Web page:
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8 hours ago, Crowley said:


@Guindyloo did you recycle the lotion for your hands after using it on the stamp? 

I put the lotion on my skin or else I get the hose again.

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I decided to paint the areas on Rictus in the order that they speak to me in. So first up, I decided to tackle the cloak. I knew generally that I wanted the cloak to be a dark purple but I wasn't really sure what shade I wanted to go with. So when I have that sort of dilemma, I'll pull down several colours and swatch them to see what I like the most. Bones figures are really good for doing swatches on, but a lot of times I just do swatches right on my hand because I'm fancy.


So these are all Reaper MSP. At the top is Burgundy Wine, which if you'll recall, I mixed with Blackened Brown for a basecoat on the cloak. I knew I wanted this colour to be my shade colour, so I wanted to see what would work well with that. Then going from left to right, we have Imperial Purple, Monarch Purple and Violet Light. Now normally this kind of process helps me to narrow things down and decide which direction to go in. You can see that these purples are all very different from each other... but in this case, I liked how they all worked together, so I decided to see if I could use them as a makeshift triad of sorts. It didn't end up working exactly as I planned and this is largely in part to the fact that Monarch Purple and Violet Light are pretty translucent - but even though that meant I didn't use them exactly as intended, it ended up working really well because that helped them to blend really beautifully with each other. This is why I highly recommend playing around with paints and just seeing what happens with them.


So I started out with layering the Imperial Purple over most of the cape, only leaving the basecoat visible in the deepest recesses. I sort of sketched this in very roughly.



Now I didn't realize that the lighting in this picture changed so drastically so it's hard to see the true colour change of this step. But I did the next layer up with Monarch Purple.



This next picture isn't any better. Purple seems to be difficult to photograph when you're not very good at taking photographs. ::P:

I wanted to lay in where I really wanted the shadows on the cloak to be. Rictus has his right leg forward and that leaves him leaning forward a little which, because he's sculpted so beautifully, causes his cape to curve in slightly, just enough to put the bottom half in shadow. I love little details like that in sculpts and if you pay attention to little details like that, the sculpt will tell you what to do when placing your shadows and highlights to give your painting a more realistic look.

So I blocked those shadows back in with straight Burgundy Wine which, as I've mentioned, is pretty translucent. I've mentioned before that the word "translucent" in regards to paint tends to be thought of as a dirty word because translucent colours don't cover well and therefore are terrible for basecoating. But the more translucent paints tend to be my favourite paints because they work so very well for layering and tend to be easiest to use when thinning for glazes. Translucent paints will make you work much harder if you have the misfortune of using one for a basecoat, but opaque paints will make you work just as hard on your blending when using them for layering. I think that's why we're seeing inks being used more and more in miniature painting because you can do really beautiful things with translucent colour.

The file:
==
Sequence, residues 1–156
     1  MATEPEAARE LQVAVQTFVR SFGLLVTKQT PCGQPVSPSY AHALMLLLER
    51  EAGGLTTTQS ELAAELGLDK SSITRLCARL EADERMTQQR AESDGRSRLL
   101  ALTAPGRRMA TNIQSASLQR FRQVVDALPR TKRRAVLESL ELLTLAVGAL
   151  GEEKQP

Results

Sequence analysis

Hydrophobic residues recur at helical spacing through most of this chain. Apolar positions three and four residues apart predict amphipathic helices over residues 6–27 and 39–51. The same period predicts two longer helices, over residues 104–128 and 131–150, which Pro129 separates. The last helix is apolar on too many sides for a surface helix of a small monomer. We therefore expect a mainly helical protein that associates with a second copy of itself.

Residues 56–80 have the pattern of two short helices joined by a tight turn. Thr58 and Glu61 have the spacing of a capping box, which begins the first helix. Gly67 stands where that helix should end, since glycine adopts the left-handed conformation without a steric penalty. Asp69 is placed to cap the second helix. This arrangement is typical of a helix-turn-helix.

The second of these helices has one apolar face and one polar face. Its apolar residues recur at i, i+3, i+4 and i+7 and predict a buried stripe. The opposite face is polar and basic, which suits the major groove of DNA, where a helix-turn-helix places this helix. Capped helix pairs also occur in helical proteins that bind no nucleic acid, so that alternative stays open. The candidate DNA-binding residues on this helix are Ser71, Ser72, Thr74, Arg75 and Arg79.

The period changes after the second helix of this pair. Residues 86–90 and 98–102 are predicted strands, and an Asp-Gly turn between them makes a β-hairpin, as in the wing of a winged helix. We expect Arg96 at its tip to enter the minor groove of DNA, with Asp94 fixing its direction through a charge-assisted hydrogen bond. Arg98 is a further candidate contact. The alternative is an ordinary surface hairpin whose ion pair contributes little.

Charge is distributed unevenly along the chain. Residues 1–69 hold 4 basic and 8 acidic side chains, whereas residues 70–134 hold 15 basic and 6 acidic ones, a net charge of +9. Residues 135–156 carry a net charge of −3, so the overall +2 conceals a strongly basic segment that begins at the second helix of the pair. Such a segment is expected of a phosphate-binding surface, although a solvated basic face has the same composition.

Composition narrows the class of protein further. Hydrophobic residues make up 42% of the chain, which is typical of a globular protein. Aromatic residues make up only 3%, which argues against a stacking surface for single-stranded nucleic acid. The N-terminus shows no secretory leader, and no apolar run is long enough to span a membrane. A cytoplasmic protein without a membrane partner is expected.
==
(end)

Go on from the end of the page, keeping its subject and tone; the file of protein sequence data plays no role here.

Anyway. So I blocked in the shadows on the cape here and because Burgundy Wine is a more translucent colour, I didn't have to work as hard to get a nice transition.



Then I took Violet Light for the next highlight layer.



Next I wanted another step lighter for the highest highlights. A really good tip that I heard once was that light skin tone paints worked really well for mixing into purples for highlighting. So I took MSP Rosy Skin and added just a tip of my brush's worth of that into the Violet Light. When you lighten a translucent paint with an opaque one, you really want to take it easy because the white in the opaque paint is going to dominate the colour very quickly.



I took that and very lightly highlighted some points, and very brightly highlighted the points where the light would catch the most.


Now I might want to take that highlight up all the way to white in just a couple of spots, but I don't want to do that just yet - the reason being that I still have those white spots of primer on the arm and sword hilt and arm bone isn't painted yet. So I know that I'm going to have something bright with the arm bone but not as bright as the bare primer, so I want to see how that balances out before I highlight any further. I always try to remember to let all of the colours talk to each other before I mess too much with the contrast.

So for now, I'm really happy with the cloak. Originally I'd thought that I would need to glaze this cloak to ease transitions, but I don't think it needs it. However, I promised @LarsM that I would give some pointers on glazing so that's what I'm going to do. ^_^